I have walked with a friend who traveled back to square one – examining EVERYTHING she believed and taking nothing for granted. I personally have experienced what I’ll call minor doubts – never questioning the existence of a loving God or even a Savior who gave His life for me – but becoming uneasy or unsure of other Biblical teachings and church doctrine. What do we do with this? I have heard faith compared to a brick wall. It stands strong and sturdy, but many believers are afraid that if one brick crumbles near the bottom, the whole thing will topple. So we shy away from testing the strength of the bricks. We don’t ask the questions because we are either afraid of the answers or afraid we won’t be able to find the answers. Or do we fear what others will say/think of our doubts?
When we don’t have anywhere to go with our questions or even suspect that our faith is not strong enough to endure them, we are closer than we may realize to abandoning it altogether. And I’m afraid that’s exactly what happens to many Christians who grow up and out into the world. They find it easier to walk away than to wrestle. Who wouldn’t?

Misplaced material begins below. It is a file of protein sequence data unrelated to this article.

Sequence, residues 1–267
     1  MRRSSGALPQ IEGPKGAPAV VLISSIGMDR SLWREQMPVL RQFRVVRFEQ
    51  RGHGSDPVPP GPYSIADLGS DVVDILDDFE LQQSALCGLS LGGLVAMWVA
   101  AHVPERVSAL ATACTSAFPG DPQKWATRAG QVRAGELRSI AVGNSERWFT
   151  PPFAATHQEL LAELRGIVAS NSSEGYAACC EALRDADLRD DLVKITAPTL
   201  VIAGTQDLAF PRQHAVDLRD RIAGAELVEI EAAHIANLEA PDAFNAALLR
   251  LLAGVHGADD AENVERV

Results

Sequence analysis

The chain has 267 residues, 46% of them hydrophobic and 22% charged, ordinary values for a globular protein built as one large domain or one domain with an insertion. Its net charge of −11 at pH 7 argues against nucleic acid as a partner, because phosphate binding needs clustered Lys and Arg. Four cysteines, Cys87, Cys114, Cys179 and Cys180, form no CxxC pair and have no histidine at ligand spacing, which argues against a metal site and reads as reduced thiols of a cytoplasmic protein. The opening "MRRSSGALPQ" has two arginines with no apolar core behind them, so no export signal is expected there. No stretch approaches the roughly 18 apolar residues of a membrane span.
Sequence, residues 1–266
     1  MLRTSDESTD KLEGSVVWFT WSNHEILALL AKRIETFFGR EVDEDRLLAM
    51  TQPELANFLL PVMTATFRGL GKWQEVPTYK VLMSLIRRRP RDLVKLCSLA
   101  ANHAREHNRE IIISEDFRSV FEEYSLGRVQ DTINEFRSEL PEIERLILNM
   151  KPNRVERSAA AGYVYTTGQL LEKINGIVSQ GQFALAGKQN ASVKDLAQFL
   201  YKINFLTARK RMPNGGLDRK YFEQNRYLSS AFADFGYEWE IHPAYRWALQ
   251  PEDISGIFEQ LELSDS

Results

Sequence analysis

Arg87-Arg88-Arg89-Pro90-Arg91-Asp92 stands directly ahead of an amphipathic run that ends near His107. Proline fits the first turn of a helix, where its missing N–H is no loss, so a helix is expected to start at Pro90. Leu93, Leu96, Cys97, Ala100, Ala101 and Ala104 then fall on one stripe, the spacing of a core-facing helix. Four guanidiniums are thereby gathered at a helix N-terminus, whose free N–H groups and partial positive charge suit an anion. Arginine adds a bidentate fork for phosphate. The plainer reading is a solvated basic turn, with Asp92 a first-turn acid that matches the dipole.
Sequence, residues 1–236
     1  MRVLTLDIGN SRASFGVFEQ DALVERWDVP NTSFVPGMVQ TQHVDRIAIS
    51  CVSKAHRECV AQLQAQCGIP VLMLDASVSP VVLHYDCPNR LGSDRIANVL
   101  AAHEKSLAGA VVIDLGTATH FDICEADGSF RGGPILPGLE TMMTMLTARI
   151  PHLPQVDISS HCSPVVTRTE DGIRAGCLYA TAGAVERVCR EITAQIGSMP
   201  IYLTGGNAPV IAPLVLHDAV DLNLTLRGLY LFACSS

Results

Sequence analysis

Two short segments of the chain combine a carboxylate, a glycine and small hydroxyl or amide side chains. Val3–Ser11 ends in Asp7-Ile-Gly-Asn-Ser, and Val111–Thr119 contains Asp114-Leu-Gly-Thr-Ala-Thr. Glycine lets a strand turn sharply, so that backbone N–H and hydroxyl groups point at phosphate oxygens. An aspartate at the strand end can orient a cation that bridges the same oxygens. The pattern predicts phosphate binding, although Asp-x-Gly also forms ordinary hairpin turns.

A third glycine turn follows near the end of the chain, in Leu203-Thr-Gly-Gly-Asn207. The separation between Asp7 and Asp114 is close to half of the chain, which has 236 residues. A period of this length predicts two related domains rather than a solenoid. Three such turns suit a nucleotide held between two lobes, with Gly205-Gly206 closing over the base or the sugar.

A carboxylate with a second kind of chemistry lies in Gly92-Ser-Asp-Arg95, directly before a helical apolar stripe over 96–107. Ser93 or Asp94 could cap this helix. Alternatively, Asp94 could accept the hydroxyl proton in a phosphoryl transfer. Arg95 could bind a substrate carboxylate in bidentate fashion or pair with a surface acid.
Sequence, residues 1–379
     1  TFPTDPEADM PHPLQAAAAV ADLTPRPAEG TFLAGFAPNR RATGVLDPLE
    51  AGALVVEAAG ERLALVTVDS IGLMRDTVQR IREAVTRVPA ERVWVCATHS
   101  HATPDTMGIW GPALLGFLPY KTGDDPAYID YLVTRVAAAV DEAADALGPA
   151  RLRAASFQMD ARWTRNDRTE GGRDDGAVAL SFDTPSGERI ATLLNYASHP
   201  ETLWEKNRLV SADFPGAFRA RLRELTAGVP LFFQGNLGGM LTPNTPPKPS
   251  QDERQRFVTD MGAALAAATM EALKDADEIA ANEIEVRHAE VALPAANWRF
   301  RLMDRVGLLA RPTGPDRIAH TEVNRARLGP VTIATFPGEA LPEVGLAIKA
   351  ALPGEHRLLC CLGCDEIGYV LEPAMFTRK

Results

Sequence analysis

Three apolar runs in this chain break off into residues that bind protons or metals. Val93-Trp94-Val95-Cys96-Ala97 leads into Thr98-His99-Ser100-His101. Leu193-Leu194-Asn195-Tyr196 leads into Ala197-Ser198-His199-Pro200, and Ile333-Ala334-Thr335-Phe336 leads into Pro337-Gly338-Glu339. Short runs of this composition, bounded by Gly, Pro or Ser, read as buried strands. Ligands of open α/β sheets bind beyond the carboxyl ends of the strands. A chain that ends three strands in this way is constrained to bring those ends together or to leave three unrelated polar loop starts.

But the truth is, Christianity has survived for more generations than we can count. And the Bible remains the most published and read book in the world for hundreds of years now. More importantly, our God withstands the scrutiny. When we are wrestling the thing out (studying, praying, seeking counsel), whether it be theological questions, or anger at God, or just flat confusion, we are in relationship with Him. That’s what He wants. Communion with us. Do you remember memorizing John 3:16? God sent Jesus – this whole thing – because He “so loved the world.” NIV